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The Humble Gardener

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Remembering All The Things

The end of the growing season brings many tasks to a close. The last task of the season: update the gardening journal.

Okay, that last statement makes me sound organized. Honesty compels me to confess that my gardening journal is more of a mental record than a written record. Chip has the utmost confidence in my ability to remember stuff; on a daily basis, he casually tosses a request to me about something that I am supposed to not only remember but also remind him. The man has more faith in me than anyone should. My desk is covered with scraps of paper reminding me of things I need to do. Unfortunately, during the busy growing season when I am either planting, weeding, picking or preserving, I think of things that need to be entered in my gardening journal but my dirty hands or tired body preclude me from writing in it. My solution is to jot cryptic notes to myself in a small notebook that lives in my gardening tool bucket. At the end of the day, I will look at the notes, torn from the notebook and stuffed into my pocket and, hands clean, transcribe the jottings into the permanent record. What a wonderful idea.

Unfortunately, at the end of a long summer day, I take the dirty scraps of paper and stick them in a folder with every intention of sitting down and updating the journal. Unfortunately, it is now mid-November and the only thing that has been updated is my to-do list, with the first thing being "Fill in Gardening Journal". The smudged scraps of paper, filled with illegible notes, are better than any mystery I have ever read.

With due diligence, I attempt the deciphering. Here is a note: carrots-yes. There are carrots in the garden? No, I wouldn't have written myself a note to remind me. The silly things are still there now, mulched and getting sweeter in the early frosts. Finally I remember. We want to plant that exact carrot next year; the crumbled, empty packet is scrunched into the folder of notes as mute testimony to our intentions to reorder. I update the journal, ecstatic that I have figured out the note. One down, 85 to go.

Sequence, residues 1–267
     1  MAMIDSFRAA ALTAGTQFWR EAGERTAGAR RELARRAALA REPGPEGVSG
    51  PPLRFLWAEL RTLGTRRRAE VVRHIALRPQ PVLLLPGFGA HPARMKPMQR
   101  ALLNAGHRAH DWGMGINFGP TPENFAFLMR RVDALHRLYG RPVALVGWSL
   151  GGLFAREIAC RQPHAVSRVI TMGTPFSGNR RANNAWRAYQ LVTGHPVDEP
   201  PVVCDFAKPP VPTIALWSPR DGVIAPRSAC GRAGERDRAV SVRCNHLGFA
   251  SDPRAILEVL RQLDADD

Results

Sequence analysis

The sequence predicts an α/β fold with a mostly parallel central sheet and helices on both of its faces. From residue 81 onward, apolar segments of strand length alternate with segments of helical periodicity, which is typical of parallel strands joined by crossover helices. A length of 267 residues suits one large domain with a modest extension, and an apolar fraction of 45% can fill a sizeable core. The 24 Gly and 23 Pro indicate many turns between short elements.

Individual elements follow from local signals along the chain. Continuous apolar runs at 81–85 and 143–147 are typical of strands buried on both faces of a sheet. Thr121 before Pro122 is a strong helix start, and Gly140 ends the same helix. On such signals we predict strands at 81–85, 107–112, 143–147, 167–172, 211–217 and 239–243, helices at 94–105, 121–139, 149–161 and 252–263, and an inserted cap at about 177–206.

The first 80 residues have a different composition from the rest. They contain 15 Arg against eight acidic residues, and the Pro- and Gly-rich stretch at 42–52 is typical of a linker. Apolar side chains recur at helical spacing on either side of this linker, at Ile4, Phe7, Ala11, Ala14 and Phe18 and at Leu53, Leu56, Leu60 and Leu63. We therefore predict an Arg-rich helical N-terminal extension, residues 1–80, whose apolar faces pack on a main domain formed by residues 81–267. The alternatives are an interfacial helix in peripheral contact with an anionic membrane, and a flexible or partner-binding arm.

Another note: beets-deck. Hmm. Maybe I need to start writing a few more words. Ah! I remember. I started beets this year in a huge pot on our deck, a pot that I pass at least four to six times a day. In my passing, I see the beets and water them. And this preliminary planting produced beautiful little beets that I transplanted into the main garden where they thrived as no beets I have ever direct sowed into the garden has. Flushed with success, I am prematurely congratulating myself as I grab another note. And another. And...well, you have guessed where this is going. I revise my folder system and add a new category: "What the Heck?" Roughly every fourth note goes into that folder. Surely I will figure out the meanings over the next couple of months of winter.

One note that bears no thinking at all is "pics/Maisie". In August, my four-year-old granddaughter and I ventured out to the new front garden that we planted in April to put the finishing touches on it. The gap in the garden where a Japanese maple will live beckons to us. Maisie, at her insistence, is outfitted in boots, gloves, gardening hat, firmly clutching a child-sized trowel and her filled watering can. I have mulch, a big shovel, and a half bag of peat moss. And the Japanese maple.
Maisie immediately squats down and begins to dig. Thankfully she has no idea where the hole for the tree will go. She is conveniently out of my way, earnestly digging a hole in the middle of the garden. The ground is harder than concrete. She looks so cute I have to take her picture. As I am happily clicking away, she looks up, sees what I am doing, and demands, "Are we planting or taking pictures?" Chastened, I begin my hole.

I hear a noise and turn to see what Maisie is doing. I am a little late. She has dug a hole approximately 2 cm deep. Into and near that hole, she has dumped peat moss. A lot. She has then upended the watering can, missing the hole but drenching herself completely. The breeze has blown the peat moss; the creature from the Black Lagoon has nothing on her. She triumphantly cries, "Done." I grab my phone, doubled over with laughter, and capture the peat moss monster. I make a note to show her parents the picture and stick the note in my pocket.

Three months later, the note serves as a reminder to print the Peat Moss Monster. A perfect Christmas present. I write a note to remind myself.

Master Gardener

Sandra DePalma-Odell

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